Bottom line, you’d be hard pressed to find anyone out there beating Cindric’s resume who isn’t already signed to a long-term deal. Moving him from the No. 21 to the No. 2 makes sense. Which means ….
WINNER: Matt DiBenedetto. DiBenedetto likes driving for the Wood Brothers, and they seem to like him. Ending the partnership after 2021 always seemed like a mistake for both parties. Matty D is one of the sport’s more popular drivers, on the precipice of victory lane after his first-ever postseason bid in 2020. After a shaky start this season, the No. 21 team has stabilized and could easily make the playoffs again. Paul Menard’s hand-picked replacement has embraced his role there and has chemistry with crew chief Greg Erwin.
Bottom line, an underdog driver is a good fit for a single-car program propped up by Penske connections. And if Matty D got kicked out? Where would he go? Perhaps 23XI Racing would expand, but there appears to be a spot waiting for Harrison Burton or Ty Gibbs down the line. Stewart-Haas Racing? It feels like a weird fit, even if a spot becomes available at Aric Almirola’s ride. Chip Ganassi Racing would appear to be little more than a lateral move.
Keselowski could leave one of the sport’s unique personalities in position to build a long-term future with the Woods. And I think both sides could be very happy with that. We’ll see.
WINNER: Brad Keselowski. Back in 2017, Keselowski shocked observers by closing his Truck Series program. In a decade of competition, the team racked up 11 wins while developing future Cup full-timers like Ryan Blaney, Chase Briscoe and Reddick. (Cindric, too!) When pressed about his long-term plans, Keselowski insisted it was short-term pain for long-term gain as he plotted his post-driving future.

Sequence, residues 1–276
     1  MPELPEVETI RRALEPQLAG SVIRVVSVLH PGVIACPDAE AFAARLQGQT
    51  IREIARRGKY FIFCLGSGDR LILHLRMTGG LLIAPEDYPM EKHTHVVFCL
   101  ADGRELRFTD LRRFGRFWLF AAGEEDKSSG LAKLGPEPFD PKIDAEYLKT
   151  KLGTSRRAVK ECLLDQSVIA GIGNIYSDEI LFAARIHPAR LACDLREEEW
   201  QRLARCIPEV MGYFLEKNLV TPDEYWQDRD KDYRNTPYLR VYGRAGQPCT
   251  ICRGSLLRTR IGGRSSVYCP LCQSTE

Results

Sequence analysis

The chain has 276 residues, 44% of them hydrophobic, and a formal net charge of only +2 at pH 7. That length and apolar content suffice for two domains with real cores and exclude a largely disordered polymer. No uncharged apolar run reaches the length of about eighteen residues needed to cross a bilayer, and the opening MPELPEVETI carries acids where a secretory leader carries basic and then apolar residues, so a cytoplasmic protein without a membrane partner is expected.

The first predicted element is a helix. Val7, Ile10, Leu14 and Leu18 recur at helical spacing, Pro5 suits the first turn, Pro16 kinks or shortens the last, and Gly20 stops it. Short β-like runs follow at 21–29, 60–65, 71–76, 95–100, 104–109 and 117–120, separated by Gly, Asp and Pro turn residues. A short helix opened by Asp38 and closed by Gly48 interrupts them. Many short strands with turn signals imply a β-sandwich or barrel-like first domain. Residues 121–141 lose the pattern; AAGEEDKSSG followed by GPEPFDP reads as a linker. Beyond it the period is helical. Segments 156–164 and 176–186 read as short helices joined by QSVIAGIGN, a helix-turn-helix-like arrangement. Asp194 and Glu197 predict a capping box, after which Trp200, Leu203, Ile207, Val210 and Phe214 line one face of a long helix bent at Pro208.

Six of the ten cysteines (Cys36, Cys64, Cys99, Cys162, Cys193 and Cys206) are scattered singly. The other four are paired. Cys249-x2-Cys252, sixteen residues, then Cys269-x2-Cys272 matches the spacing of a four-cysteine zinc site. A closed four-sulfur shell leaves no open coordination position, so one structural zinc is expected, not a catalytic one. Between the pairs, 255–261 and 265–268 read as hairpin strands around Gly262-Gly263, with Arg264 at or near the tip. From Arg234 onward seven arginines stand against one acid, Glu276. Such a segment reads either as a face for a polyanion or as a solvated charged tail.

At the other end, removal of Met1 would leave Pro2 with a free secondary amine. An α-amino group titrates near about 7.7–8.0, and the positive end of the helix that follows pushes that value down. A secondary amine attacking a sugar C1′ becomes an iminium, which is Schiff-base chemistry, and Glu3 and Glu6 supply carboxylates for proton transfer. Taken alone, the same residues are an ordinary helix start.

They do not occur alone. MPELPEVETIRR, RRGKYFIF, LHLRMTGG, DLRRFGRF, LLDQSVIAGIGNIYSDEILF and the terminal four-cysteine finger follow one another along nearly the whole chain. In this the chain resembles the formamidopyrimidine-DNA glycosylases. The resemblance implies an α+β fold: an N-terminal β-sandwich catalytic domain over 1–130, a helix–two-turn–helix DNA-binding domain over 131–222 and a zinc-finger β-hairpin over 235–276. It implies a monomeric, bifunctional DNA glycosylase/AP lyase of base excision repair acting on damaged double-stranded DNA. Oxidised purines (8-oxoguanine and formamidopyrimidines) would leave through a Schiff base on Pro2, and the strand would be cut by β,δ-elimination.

“I can only be a racecar driver for so long,” Keselowski said then. “When that time comes up, my business would have had to shut down because I don’t have a profit center, and having that profit center is what helps you get through the ebbs and flows that every race team has, so I need to have one of those profit centers.
“That doesn’t mean that I’ll be a Cup owner one day, but that means when the time is right if we achieve the goals that I have, I’ll have the opportunity to make that decision myself and not have it made for me.”
I’ve covered Keselowski for over a decade, having the privilege of following him closely through a Driver Diary for SI.com. What I’ve learned is he’s one of the smartest drivers inside the garage, a decisive thinker who’s typically two steps ahead on the chessboard. What I took from those comments then is he didn’t want to risk losing money on Trucks when he had an eye on much bigger fish over the long-term.
The time to strike is now. Yes, Keselowski will compete against his former boss and Tony Stewart at Ford, but at age 37, he could be the next-generation owner that the manufacturer needs. His innovative ideas on how to grow the sport can only help RFR, and his past experiences will help in collecting sponsorship and building a program. Remember, he was at the forefront of rebuilding Penske’s culture and structure after the boss poached him from Hendrick in 2010.
Owning a Cup team is the logical next step in the process, where Keselowski can utilize those lessons to build a contender. He’d accomplished everything he set out to do with Penske and leaves the program in good hands with Joey Logano. It’s time.
LOSER: Ryan Newman. Honestly, this deal feels like a win-win for everyone involved. But if there’s a loser at all, it’s Newman, seemingly forced out of his ride after this season.
I’m just not sure it’s that big a deal for the 43-year-old who cheated death after his crash in the 2020 Daytona 500. When Newman signed with RFR, after the 2018 season, I was told the plan was to run there for three years and then retire.
But Utter mentioned on SiriusXM NASCAR that Newman could potentially stay at the Keselowski/Roush team in a third part-time car.
For a guy who turns 44 in September, that’s right around the age others have chosen retirement lately: Jeff Gordon, Tony Stewart and Dale Earnhardt Jr., to name a few. One thing’s for certain: options might be scarce for a driver who has just one top-five finish in his last 46 starts on the Cup level.